Time and Eternity
A Biblical Study
Chapter Fourteen

by G.T. Stevenson


To some earnest believers the study set out in the preceding pages has seemed a waste of time and effort. Why all this bother to discover the meaning of a few foreign words? Why not leave us with the time honored Authorized Version and the ideas learned in Sunday School?

In answer one may outline his own mental and spiritual experiences. For several decades he taught and preached along 'orthodox' lines including the theory of the absolute finality of the judgment of sinners issuing in unending punishing in 'hell'. The so called gospel consisted largely in threats and bribes. Yes, God's grace was said to be infinite, immeasurable as Calvary's sacrifice; but it could become operative only when sinners believed.

Two major problems continually pressed their claims for answer:-

(a) The great majority of the human race God had created never, in this life, heard of His grace expressed in His Son and the good news of redemption.

(b) Many plain direct statements in the sacred scriptures declared that the purpose of God is through our Lord Jesus Christ to bless all humanity and to bring the whole universe into harmony with Himself. How could this be if myriads of mankind whom He so loved, were to be kept alive 'for ever' in hopeless, purposeless misery? And what kind of a 'god' could love the sinner with Calvary love until he died, and then leave him in indescribable suffering eternally?

One must be thankful that during those years of perplexity, by God's grace, faith was preserved in the sufficiency of His revelation in His Son ultimately to answer every question of the human heart, and at length the answer came.

If the judgments of God are processes and not finalities, if they, along with all His other acts, possess a benign purpose, then the problems disappear.

For those who believe the sacred scriptures to be God's word, the following passages stating His ultimate purpose and couched in plain, non-figurative terms must surely be conclusive.

Gen.12:3; 18:18; 22:18; 26:4, 'In thee and in thy seed, shall all the families of the earth be blessed.'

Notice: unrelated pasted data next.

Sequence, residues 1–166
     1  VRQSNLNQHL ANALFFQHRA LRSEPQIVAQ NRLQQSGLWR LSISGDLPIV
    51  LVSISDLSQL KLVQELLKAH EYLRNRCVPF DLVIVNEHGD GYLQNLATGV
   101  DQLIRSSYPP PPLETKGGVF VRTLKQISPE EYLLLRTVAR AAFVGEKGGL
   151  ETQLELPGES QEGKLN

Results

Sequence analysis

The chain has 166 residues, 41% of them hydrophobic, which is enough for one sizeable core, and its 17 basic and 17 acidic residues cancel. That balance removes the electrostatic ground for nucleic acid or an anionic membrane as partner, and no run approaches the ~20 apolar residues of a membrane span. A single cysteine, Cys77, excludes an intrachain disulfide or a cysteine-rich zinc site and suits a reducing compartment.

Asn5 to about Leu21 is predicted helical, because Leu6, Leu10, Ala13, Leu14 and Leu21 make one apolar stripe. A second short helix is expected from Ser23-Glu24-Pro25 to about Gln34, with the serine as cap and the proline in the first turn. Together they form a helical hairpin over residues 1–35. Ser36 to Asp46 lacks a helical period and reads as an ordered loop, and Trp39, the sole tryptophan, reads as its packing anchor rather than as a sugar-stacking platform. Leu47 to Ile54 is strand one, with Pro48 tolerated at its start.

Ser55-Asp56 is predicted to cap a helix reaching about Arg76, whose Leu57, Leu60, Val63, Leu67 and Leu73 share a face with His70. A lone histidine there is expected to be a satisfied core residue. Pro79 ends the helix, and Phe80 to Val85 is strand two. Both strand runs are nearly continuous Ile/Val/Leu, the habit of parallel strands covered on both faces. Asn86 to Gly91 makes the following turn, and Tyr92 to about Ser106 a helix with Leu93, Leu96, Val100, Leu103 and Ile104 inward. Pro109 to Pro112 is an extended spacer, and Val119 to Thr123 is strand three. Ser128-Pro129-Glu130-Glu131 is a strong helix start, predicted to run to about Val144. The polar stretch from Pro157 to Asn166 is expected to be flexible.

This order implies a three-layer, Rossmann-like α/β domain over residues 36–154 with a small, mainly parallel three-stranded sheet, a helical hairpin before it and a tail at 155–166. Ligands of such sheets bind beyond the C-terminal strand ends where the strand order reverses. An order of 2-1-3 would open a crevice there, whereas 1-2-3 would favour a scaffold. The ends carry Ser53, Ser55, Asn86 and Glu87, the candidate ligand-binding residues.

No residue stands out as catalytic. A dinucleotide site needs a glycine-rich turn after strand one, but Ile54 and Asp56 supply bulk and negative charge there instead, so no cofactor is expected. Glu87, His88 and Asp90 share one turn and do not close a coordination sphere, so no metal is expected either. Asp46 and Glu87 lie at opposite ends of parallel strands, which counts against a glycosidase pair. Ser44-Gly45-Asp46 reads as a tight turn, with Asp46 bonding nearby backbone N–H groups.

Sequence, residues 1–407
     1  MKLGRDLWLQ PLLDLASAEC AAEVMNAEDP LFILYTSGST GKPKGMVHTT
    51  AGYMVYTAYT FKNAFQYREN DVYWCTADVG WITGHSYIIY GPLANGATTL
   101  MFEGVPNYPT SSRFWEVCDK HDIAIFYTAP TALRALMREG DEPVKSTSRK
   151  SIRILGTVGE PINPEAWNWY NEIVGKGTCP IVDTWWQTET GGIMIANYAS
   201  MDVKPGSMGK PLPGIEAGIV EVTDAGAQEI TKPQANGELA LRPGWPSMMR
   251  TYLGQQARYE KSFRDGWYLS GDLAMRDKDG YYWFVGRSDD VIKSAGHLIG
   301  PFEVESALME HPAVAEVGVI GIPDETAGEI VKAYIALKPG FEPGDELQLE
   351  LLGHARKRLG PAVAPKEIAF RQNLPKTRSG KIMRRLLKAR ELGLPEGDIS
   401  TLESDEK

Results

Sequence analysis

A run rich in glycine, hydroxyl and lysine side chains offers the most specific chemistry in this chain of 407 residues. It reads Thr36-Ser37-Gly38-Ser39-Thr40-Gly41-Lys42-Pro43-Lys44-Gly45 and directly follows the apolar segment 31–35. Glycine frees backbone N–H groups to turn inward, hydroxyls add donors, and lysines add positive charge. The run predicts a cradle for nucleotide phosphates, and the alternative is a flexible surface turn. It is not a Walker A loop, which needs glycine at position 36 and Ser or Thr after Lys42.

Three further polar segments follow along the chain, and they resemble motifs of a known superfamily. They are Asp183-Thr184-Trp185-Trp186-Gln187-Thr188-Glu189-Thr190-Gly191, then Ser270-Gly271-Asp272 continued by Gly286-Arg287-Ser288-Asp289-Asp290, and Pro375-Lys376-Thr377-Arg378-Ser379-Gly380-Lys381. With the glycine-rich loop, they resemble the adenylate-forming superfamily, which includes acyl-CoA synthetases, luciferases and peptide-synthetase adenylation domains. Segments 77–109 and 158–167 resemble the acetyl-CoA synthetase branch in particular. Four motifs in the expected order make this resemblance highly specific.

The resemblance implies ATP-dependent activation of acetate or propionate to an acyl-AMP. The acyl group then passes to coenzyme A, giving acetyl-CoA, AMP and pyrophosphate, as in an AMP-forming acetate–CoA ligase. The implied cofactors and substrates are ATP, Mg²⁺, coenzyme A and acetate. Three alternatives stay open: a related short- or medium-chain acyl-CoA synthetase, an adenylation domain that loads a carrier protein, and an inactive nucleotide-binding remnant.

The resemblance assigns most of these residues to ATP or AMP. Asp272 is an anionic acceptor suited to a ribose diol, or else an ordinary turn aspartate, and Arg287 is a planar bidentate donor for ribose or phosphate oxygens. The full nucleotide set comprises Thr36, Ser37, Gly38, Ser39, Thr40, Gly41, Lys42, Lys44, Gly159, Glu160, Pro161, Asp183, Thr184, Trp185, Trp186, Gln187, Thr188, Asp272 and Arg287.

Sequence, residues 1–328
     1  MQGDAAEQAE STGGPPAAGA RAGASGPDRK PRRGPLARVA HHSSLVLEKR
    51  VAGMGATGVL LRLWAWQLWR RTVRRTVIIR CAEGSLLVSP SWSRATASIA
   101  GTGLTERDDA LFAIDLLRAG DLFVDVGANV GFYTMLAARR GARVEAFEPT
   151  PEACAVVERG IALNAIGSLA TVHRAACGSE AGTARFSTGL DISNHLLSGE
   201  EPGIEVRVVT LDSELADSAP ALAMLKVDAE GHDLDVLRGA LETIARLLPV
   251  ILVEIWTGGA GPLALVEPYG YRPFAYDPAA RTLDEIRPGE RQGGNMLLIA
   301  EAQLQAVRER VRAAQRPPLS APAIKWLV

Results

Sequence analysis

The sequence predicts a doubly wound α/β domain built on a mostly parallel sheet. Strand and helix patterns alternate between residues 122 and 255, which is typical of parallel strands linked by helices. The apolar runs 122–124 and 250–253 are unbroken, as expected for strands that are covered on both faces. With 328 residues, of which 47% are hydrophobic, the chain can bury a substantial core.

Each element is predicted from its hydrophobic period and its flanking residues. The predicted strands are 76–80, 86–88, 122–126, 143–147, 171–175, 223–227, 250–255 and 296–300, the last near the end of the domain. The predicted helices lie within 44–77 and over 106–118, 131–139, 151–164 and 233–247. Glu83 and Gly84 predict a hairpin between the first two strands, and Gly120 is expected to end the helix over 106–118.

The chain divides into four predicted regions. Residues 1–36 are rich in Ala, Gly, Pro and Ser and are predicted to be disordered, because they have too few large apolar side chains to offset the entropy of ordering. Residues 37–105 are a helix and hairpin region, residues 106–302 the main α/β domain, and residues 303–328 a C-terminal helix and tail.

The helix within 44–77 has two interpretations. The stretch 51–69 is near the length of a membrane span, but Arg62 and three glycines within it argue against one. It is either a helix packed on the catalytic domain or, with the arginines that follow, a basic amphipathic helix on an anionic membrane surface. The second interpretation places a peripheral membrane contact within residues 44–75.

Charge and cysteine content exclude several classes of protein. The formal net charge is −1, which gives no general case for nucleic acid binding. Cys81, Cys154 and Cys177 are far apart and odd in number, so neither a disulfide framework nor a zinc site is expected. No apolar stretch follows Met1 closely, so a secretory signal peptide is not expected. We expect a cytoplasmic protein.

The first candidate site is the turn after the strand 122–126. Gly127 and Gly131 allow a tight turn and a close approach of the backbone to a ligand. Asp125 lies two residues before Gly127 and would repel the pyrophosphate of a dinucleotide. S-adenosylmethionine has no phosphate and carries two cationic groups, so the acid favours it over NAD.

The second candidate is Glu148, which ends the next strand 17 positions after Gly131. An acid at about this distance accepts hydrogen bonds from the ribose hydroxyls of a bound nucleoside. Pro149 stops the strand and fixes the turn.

In Gal. 3:8 and 16 , these verses are said to refer to our Lord, through Whom, as announced by heavenly massagers at His birth, 'Great joy shall be to all the people' Luke 2:10.

In John 12:32 and 33 our Lord's own promise is recorded. 'If I be lifted up from the earth, will draw all to myself. Now this He said signifying by what death He should die.' He was lifted up to die upon the cross, so believers need have no doubt about the fulfillment of His promise.

Rom.8:19-23 sets out the cosmic outreach and efficacy of the Christ event. 'The whole creation' awaits 'deliverance from the slavery of corruption into freedom of the glory of the children of God.'

Even the universal enmity of the natural man toward obedience to God becomes the occasion for a display of 'mercy upon all', Rom.11:32.

In Eph. 1:9 and 10, Paul declares that God has 'made known to us the secret of His will... to reunite all things in Christ, those things in the heavens and the things upon the earth, in Him' and this universal reconciliation is stated in Col.1:20 to be effected 'through the blood of His (Christ's) cross'.

Naturally those who love our Saviour would long to see this purpose of the Father accomplished soon. We are however to abide God's timing. In writing to Timothy (I Tim.1:4-6) Paul describes our Lord as the 'One Mediator of God and men, the Man, Christ Jesus, Who gave Himself a ransom for all - the testimony in its own seasons'. Similarly the writer of Hebrews states, 'We see not yet all things placed under Him (Christ), but we see Jesus made some little less than angels for the suffering of death,crowned with glory and honor that by the grace of God, He might taste death on behalf of every one'. Heb.2:8,9.

Further,in I Tim.4:9-11, Paul affirms that 'God is the Saviour of all men, especially of believers'. it seems obvious that those now, through God's grace, believing are not the exclusive beneficiaries of His 'mercy upon all', but are in a special and superlative measure now blessed in Christ. In verse II we read,

'These things enjoin and teach'.

Our Saviour's all-embracing redemption also rejoiced the heart of John. In his first epistle (I John 2:2) he writes, 'He (Jesus Christ, the Righteous One) is the propitiation (mercy seat) for our sins, and not for our sins only, but also for the sins of the whole world'.

In I Cor.15:22-28 the inspired apostle to the Gentiles transports his readers' thoughts far into the future, beyond the furthest point envisaged elsewhere in holy writ. After outlining the triumph of the Son of God in bringing all creation under His benign control, Paul sets forth the consummation of the divine plan of the ages in four simple, yet infinitely profound words. 'God, All in All'.

This is our God, purposeful, wise, all loving and all mighty: His Son our Lord a Triumphant Saviour, Who destroys His enemies by making them His friends.

Yes. As Paul writes, (Rom.11:33-36) 'His ways are past finding out '; but the end we know, 'for out of Him, and through Him, and for Him are all things'.

To Him be adoration, love and praise now, and for evermore.


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